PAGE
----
It is easier for individuals to leave incompatible corporate cultures than to stay and change them. The most foolish thing any one person can do is attempt to change a corporate culture. Unless a new chief executive can change the underlying root metaphor and dominant myth of the culture, he or she cannot begin to transform the organization. Then these symbolic changes will have to be followed up by changes in the reward system and long-term changes in what kinds of people are hired and promoted within the organization. Otherwise, buzzwords change, but the people and their behavior stay the same.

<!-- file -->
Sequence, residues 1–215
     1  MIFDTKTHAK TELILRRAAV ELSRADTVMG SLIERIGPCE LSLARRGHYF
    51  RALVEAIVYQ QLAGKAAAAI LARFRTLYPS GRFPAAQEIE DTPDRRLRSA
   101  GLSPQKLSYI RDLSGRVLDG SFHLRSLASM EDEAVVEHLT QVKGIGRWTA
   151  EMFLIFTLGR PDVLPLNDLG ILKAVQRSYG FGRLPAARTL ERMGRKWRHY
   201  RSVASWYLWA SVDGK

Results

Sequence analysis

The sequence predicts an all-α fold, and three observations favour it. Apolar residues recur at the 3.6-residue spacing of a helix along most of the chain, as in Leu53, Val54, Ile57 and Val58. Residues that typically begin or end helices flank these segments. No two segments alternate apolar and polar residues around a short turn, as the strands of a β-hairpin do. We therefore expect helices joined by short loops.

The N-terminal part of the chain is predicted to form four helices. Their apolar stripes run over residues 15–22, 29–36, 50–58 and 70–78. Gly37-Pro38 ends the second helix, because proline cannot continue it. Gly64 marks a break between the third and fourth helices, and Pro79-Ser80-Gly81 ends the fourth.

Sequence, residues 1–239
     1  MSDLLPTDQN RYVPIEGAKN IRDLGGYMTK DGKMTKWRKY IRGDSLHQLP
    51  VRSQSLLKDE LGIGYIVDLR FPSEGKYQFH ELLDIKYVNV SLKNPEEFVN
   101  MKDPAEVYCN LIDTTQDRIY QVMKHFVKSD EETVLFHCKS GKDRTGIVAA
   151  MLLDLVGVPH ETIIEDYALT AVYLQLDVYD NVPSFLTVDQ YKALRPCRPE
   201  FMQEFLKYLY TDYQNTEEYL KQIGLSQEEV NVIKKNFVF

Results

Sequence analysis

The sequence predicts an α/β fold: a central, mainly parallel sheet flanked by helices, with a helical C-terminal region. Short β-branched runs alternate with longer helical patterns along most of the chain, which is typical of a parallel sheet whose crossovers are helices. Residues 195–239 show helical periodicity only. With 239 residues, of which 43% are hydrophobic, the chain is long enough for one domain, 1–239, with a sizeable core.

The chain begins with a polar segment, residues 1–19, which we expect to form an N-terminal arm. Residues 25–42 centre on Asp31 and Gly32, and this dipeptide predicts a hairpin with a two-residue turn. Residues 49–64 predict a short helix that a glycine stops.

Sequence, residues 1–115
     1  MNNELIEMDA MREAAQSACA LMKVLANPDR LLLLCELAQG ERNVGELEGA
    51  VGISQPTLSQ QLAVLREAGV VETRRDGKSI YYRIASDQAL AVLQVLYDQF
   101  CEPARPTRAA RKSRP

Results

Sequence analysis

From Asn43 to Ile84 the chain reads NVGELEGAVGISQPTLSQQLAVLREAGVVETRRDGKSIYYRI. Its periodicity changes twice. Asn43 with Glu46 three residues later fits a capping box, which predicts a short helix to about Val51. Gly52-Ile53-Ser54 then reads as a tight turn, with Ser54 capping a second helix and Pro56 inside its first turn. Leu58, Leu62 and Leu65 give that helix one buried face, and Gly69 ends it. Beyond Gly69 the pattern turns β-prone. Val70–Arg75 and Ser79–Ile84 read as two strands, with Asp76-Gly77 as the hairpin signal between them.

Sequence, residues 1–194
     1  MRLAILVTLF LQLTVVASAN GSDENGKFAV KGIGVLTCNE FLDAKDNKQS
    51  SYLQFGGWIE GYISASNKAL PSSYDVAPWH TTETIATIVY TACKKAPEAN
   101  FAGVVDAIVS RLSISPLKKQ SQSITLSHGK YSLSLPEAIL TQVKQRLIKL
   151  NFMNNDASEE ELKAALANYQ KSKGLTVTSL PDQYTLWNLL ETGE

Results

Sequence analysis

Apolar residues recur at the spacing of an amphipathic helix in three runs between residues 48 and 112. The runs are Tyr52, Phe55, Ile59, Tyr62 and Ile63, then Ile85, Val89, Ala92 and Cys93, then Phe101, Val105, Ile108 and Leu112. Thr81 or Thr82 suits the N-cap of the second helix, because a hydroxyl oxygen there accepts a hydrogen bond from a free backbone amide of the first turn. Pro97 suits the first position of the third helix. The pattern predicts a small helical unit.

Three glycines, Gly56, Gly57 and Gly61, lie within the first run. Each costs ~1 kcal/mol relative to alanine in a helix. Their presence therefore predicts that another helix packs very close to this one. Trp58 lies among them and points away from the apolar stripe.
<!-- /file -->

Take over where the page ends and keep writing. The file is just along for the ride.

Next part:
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By T.L. Brink.
T.L. Brink is a visiting professor of psychology at the Iberoamerican University in Mexico City, and is on the faculty of Crafton Hills College, Yucaipa, California.